With increased oil price volatility and depleting crude oil reserves, oil and gas companies are progressively turning towards the implementation of AI to improve efficiency and revenues. Energy companies may not be generally regarded as an AI pioneer, however, they have been consistently investing in digital technology, with global investment growing at 20% annually since 2014. Digital services solely for the oil and gas industry are predicted to be over $30 billion by 2025, totaling nearly $150 billion in annual savings.

Energy Optimization and Downtime

Research shows that production lags in barrels of oil per day caused by accidental damage have significantly reduced since 2017. However, unplanned production loss due to downtime has been on the rise. Annual losses from unplanned downtime are pegged at USD 38 million to upwards of USD 88 million. Studies have also shown that an average offshore installation, experiences about 27 days of unplanned downtime a year.

This is where Artificial Intelligence along with Data Science and IoT based predictive analysis help in yielding substantial savings. AI-enabled predictions augment traditional predictive methodology and flag costly downtime early on. With better monitoring and data science-led predictive analysis, early detection of potential equipment failure directly benefits the company’s bottom line. Reducing downtime and maximizing production capacity is at the core of operations and asset capability, and, AI-augmented operations help reduce the business impact of unplanned production loss.

How Artificial Intelligence and IoT helps

AI isn’t a lone technology but comprises of a set of systems that help understand and improve operations and predictive capabilities. It includes natural language processing (NLP), machine learning and deep learning, neural networks, virtual agents, and autonomics. Artificial Intelligence links chunks of information together, recognizing and establishing connections and work processes. Experts and operators use this data to conduct simulations and clarify data and results.

Whilst AI has a rather extensive scientific implication, within the oil and gas industry, it is usually employed in machine learning and data science. Machine learning (ML) uses external sensors, reading, and identifying patterns that indicate a failure or outage. ML helps build an intelligent workflow, facilitating automation, and improving asset capability. Offshore installations of oil and gas companies can oversee complex operations and act quickly to resolve issues that may have otherwise been undetected by human operators.

AI platforms can be employed to analyze subsurface geophysical data, accurately mapping underground oil deposits. This helps understand the value of the reservoir, and also makes drilling methods more efficient. Machine learning is also used to run simulations such as to assess the impact of a new site and appraise the environmental impact before commencing a project. AI also plays a significant role in making offshore installations safer.

Data Science wields AI to glean information and data and connects related pieces of data together to produce meaningful and critical insights from existing information. This analysis is used in the industry to make oil and gas exploration and production more efficient and helps utilize existing infrastructure more effectively.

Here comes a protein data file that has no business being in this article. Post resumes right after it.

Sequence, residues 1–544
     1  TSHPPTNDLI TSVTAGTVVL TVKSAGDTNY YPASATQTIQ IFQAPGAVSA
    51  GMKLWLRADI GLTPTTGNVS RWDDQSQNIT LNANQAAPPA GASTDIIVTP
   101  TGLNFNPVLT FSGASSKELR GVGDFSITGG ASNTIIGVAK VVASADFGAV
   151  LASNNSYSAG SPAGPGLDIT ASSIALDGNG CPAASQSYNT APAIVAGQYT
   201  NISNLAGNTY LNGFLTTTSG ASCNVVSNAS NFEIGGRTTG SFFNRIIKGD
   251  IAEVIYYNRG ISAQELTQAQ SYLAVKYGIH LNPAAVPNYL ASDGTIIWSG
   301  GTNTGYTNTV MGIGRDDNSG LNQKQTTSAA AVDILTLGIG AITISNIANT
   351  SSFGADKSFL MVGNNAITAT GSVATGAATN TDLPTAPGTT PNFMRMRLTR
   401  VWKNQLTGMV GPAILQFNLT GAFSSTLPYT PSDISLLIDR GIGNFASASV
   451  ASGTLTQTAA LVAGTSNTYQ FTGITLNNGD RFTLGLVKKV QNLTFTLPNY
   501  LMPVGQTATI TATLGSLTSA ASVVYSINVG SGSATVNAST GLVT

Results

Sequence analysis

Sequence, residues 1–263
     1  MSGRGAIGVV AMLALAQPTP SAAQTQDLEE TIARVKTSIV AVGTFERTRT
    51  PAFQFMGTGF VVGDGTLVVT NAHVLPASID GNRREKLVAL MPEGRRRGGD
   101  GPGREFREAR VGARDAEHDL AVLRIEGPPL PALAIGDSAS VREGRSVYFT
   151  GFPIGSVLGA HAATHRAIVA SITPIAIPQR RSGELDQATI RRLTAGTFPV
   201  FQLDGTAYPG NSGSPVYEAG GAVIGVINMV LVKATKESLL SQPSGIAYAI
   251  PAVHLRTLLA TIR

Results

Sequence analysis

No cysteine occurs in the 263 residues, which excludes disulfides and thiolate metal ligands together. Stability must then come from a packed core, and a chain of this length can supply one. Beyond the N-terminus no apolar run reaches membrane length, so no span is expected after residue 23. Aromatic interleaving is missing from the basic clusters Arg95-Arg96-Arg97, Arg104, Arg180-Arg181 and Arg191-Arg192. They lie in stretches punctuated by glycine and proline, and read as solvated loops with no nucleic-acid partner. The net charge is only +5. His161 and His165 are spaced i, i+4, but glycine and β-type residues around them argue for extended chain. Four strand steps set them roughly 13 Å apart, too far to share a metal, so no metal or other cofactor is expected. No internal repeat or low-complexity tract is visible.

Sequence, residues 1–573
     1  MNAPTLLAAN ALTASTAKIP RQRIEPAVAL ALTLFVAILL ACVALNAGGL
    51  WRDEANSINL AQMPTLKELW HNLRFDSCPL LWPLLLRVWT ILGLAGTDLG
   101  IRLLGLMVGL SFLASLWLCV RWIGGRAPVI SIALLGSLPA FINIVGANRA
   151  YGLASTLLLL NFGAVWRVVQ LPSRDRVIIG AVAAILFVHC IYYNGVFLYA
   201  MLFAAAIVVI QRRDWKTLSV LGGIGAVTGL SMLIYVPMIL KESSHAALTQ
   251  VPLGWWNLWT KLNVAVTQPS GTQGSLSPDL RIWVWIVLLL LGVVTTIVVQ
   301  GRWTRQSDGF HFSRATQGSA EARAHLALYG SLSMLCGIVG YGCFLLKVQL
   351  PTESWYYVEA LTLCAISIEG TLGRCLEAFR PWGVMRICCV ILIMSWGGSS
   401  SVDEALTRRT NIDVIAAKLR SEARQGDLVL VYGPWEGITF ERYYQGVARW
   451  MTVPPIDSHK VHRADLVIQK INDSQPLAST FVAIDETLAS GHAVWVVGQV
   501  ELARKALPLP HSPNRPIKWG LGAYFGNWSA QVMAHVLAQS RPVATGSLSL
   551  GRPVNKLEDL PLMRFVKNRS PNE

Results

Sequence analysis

IoT leverages data sourced from intelligent devices such as sensors, including its temperature, vibration, flow rate sensors, and other data points. It identifies anomalies in equipment behavior, predicting a failure of equipment within a timeframe. Along with AI-enabled systems, IoT provides a more holistic analysis and better decision-making capacity for operators and experts.

AI, IoT, and Asset Reliability

Nearly 42% of offshore equipment is estimated to be more than 15 years old with an average of 13% downtime, much of which is unplanned. AI and IoT enabled systems can be applied to monitor exploration, development, and drilling. Components and potential failure points are connected to various sensors monitoring pressure, torque, vibration, temperature, and flow rate. Historical and contextual data is augmented with real-time data points from sensors, running it through Machine Learning algorithms creating predictive models. These algorithms identify and flag early warnings for equipment failures reducing downtime and enhancing predictive maintenance.
According to the US Dept. of Energy, AI and IoT driven systems can drive a 45% reduction in equipment downtime and a 30% reduction in maintenance costs. Oil & gas companies stand to benefit substantially with investments in AI including

  • Enhancing asset reliability and reducing costs
  •  Improving operational efficiency
  •  Improving asset utilization
  •  Reducing environmental impact

Challenges Ahead

Oil & Gas companies have aggressively invested and adopted AI-driven preventive maintenance systems. However, the energy sector faces inherent challenges and unprecedented situations today. For successful implementation of AI and IoT systems, companies need to integrate their legacy equipment to newer protocols. 80% of legacy equipment is connected to local networks, and are unable to function across TCP/IP networks. Uninterrupted data transmission and sufficiency in data collection also poses a challenge. With assets in remote locations, poor communications coverage could lead to disruptions in data collection, resulting in the failure in predictive warnings and ultimately leading to equipment downtime. Further, it may take up to a year to collect enough data for a reliable prediction. It is ideal to have real-time data from sensors throughout the asset lifecycle. However, this lag in data collection could impede actual results on the field.